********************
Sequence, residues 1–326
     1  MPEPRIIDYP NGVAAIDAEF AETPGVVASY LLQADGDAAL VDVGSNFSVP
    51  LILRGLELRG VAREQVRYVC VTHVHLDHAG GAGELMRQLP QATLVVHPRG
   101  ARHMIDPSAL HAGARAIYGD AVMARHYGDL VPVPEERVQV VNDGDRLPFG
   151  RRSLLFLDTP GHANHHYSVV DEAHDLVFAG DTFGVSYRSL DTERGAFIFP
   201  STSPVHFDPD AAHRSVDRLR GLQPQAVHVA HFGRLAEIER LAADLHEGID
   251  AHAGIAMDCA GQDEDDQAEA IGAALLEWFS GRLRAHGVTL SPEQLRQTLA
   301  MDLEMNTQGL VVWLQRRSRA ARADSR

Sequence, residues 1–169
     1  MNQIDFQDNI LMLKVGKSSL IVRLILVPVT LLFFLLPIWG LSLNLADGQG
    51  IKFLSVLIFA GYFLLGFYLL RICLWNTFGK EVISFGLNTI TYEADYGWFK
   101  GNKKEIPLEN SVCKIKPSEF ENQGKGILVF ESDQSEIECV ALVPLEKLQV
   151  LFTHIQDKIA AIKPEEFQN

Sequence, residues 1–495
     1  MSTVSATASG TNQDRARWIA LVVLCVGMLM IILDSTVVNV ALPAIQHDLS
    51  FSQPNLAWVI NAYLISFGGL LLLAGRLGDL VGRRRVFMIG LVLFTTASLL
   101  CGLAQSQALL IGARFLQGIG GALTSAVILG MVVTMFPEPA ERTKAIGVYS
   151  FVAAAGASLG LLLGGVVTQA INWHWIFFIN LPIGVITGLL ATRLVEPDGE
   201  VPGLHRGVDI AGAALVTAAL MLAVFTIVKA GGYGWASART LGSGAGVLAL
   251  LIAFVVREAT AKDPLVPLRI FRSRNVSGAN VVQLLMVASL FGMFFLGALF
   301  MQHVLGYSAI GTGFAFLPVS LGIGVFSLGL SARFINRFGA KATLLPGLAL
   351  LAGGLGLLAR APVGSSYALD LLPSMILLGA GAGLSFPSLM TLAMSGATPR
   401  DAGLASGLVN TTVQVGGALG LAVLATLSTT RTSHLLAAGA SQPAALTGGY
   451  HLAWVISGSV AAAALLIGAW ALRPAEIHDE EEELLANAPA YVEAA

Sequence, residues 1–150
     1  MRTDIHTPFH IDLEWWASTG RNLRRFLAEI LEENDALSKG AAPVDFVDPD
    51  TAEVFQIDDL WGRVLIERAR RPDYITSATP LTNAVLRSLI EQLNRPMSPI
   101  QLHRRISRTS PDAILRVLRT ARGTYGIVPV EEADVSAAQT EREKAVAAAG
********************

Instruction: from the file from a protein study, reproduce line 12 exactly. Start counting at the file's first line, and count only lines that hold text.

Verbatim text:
   101  GNKKEIPLEN SVCKIKPSEF ENQGKGILVF ESDQSEIECV ALVPLEKLQV